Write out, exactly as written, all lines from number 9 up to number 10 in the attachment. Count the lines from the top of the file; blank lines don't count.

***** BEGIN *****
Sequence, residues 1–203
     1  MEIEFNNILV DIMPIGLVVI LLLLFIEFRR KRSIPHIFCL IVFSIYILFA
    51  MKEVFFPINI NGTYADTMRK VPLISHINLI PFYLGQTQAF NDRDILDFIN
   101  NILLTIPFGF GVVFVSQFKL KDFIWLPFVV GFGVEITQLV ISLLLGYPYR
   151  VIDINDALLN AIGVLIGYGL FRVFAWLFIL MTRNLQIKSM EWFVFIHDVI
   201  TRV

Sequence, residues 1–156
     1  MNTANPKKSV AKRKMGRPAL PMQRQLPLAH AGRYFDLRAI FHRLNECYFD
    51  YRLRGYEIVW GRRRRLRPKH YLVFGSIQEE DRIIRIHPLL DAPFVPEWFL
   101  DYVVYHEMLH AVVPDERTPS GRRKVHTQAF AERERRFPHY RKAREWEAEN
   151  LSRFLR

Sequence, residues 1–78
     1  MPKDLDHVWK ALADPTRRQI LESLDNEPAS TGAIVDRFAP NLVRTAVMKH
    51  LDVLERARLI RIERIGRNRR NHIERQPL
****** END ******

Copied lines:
    51  YRLRGYEIVW GRRRRLRPKH YLVFGSIQEE DRIIRIHPLL DAPFVPEWFL
   101  DYVVYHEMLH AVVPDERTPS GRRKVHTQAF AERERRFPHY RKAREWEAEN